Human resource management is a comprehensive support paradigm for both the employer (and his or her agents) and the employee. Most of the discussion regarding human resources revolves around problem employees and how human resources management can be used to deal with them. This week, however, we get to appreciate how human resources management can be effective at mediating employee concerns. Presented with two scenarios involving employee concerns, we will choose one and explore the fundamentals of human resources management as it relates to the challenges presented.
Throughout the past two weeks, Paul, a physical therapist, has been receiving in his work e-mail inbox some disturbing messages from an unknown sender. Many of the messages are sexual in nature and some even refer to Paul’s coworkers. Paul has reluctantly confided in the head of the organization’s HR department to help him with the issue. He is very embarrassed about the situation and is concerned that an investigation might jeopardize his relationships with coworkers and even his position with the organization.
As internet technology and systems management is a forte or mine, it is difficult for me not to take the easy path by selecting scenario 1. For this scenario, Paul would only have to enlist his manager in engaging the IT department to track the emails, which is a very simple process (most people do not understand how much information is generated in server logs and attached to email messages). The sender of the offensive emails would be found out and dealt with, and/or future messages of this type would be blocked by the email server, and Paul would no longer be distracted by these offensive emails.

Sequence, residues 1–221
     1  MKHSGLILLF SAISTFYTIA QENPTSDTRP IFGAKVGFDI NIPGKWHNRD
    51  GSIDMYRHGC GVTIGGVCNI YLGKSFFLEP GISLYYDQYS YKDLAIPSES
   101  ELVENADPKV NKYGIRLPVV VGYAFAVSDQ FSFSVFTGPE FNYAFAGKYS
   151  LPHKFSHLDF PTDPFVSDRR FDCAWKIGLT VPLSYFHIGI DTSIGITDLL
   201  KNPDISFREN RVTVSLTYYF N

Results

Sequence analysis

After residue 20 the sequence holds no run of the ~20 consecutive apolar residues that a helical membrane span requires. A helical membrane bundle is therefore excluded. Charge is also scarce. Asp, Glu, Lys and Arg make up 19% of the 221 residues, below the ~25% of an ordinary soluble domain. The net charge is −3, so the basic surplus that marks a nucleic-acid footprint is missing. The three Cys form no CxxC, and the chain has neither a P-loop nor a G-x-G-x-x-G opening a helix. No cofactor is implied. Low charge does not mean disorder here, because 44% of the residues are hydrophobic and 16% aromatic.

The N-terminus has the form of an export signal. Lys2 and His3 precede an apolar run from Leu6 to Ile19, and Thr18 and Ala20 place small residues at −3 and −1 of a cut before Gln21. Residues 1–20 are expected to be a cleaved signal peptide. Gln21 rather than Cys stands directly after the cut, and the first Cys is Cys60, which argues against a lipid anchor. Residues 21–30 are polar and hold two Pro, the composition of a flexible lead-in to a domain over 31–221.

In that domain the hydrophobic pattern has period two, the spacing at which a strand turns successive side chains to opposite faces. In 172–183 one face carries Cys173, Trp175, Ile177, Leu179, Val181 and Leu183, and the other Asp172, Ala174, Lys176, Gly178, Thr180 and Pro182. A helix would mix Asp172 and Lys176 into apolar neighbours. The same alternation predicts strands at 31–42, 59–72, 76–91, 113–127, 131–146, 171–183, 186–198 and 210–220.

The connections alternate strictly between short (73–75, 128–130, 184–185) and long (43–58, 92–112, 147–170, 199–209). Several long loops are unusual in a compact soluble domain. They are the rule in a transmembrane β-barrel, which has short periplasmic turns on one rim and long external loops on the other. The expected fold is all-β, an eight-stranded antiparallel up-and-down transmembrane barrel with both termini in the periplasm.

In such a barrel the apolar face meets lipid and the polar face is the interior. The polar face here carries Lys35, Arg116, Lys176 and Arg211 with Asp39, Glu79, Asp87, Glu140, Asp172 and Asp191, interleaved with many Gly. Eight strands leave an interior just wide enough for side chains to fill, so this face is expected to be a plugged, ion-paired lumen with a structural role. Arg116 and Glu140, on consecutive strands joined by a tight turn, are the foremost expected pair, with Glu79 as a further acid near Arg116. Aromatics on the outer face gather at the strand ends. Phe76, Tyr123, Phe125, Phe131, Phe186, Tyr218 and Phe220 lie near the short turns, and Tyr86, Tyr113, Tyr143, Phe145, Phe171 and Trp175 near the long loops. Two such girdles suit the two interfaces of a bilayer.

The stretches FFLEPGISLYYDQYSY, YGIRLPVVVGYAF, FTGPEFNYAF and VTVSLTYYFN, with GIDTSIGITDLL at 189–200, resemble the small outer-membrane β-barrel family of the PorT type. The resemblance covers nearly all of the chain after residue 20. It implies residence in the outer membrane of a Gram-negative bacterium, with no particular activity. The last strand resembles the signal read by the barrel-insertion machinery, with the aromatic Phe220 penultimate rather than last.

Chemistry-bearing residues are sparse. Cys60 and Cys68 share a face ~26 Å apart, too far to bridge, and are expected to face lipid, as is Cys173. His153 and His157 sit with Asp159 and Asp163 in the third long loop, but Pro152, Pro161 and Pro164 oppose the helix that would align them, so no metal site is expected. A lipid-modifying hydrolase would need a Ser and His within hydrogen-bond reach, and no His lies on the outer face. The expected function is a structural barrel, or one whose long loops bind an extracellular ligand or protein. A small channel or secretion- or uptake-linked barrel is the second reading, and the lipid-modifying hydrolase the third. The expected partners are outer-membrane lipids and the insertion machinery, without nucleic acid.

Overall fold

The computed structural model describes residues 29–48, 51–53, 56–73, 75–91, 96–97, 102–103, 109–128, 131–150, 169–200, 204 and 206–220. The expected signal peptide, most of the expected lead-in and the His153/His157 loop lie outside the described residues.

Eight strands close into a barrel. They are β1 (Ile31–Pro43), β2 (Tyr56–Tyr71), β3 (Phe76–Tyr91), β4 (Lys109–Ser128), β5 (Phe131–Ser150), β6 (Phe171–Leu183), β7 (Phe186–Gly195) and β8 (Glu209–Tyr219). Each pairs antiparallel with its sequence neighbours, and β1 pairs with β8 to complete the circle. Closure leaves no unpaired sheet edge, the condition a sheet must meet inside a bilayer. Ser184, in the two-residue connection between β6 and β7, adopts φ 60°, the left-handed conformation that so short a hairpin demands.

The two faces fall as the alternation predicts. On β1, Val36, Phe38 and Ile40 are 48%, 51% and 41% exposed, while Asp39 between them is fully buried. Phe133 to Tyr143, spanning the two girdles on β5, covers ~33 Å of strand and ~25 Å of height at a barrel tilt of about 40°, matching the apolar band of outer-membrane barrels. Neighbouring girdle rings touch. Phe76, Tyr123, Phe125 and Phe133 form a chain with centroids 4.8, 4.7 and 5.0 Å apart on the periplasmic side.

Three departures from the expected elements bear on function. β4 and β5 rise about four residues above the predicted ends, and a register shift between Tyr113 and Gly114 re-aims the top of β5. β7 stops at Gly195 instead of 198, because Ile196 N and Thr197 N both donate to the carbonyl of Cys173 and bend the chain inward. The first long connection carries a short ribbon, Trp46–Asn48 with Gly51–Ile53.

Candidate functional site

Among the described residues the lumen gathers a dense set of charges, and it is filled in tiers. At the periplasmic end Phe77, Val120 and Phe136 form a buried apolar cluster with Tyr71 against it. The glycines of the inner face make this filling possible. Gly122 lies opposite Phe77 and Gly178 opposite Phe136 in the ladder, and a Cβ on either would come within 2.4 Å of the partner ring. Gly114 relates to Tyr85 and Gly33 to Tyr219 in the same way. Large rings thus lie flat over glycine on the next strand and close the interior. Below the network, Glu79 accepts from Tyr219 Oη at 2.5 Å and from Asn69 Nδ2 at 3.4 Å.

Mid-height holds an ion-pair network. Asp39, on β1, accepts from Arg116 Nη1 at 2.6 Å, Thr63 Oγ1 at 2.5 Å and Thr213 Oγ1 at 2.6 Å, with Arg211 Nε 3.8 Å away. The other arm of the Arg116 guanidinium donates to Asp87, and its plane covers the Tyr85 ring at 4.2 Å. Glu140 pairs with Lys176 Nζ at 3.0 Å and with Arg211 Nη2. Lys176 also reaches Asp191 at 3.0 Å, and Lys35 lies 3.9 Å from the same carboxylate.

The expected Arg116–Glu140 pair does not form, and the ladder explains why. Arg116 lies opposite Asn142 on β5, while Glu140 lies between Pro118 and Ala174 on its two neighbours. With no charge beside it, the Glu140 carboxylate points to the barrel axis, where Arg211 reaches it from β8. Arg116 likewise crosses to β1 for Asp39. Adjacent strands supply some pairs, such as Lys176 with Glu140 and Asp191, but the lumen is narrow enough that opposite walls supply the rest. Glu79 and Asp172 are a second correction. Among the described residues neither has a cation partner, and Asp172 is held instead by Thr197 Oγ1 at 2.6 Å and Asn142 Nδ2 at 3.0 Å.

However, as I stated previously, I prefer a challenge and will review the problems and some potential solutions regarding scenario 2.
For the past year, the nurses’ union at Good Health Hospital has been meeting to discuss grievances against Good Health’s management. In particular, the nurses are concerned with the way managers treat them; many feel overworked, undercompensated, and underappreciated. They have recently submitted a proposal to Good Health’s executives asking for better management practices, an increase in nurse staffing, and better compensation and benefits for nurses. The executives have enlisted the help of Good Health’s HR department in addressing the concerns in the proposal; they are concerned about budget constraints as well as the possibility of a nurses’ union strike.
Scenario 2 involves organized employees threatening a work stoppage if, at least, some of their concerns are not mitigated. Work stoppages, or strikes, are detrimental to any organization. The nurses’ union at Good Health Hospital have presented grievances that are typical in health care (Fallon & McConnell, 2007). It is a wonder why these concerns were not identified early. As Fallon and McConnell (2007) point out, “the best time to address a problem is before it becomes a problem” (p. 281). In this case, effective management would have identified these concerns early and developed a plan, perhaps integrating potential solutions through the organizations strategic plan, and prevented the growing acrimonious and bitter discontent amongst the rank and file employees. Though Fallon and McConnell discuss various types of organizational leadership, I prefer to lead with libertarian values in mind; ergo, both respect and responsibility must be virtues of both employee and employer, and both must work hard for the other. Fallon and McConnell discuss how trust and mutual respect lends to an effective, efficient, and rewarding work environment. Unfortunately, in scenario 2, it seems that we are beyond mitigation and prevention and, legally and contractually, they must be addressed.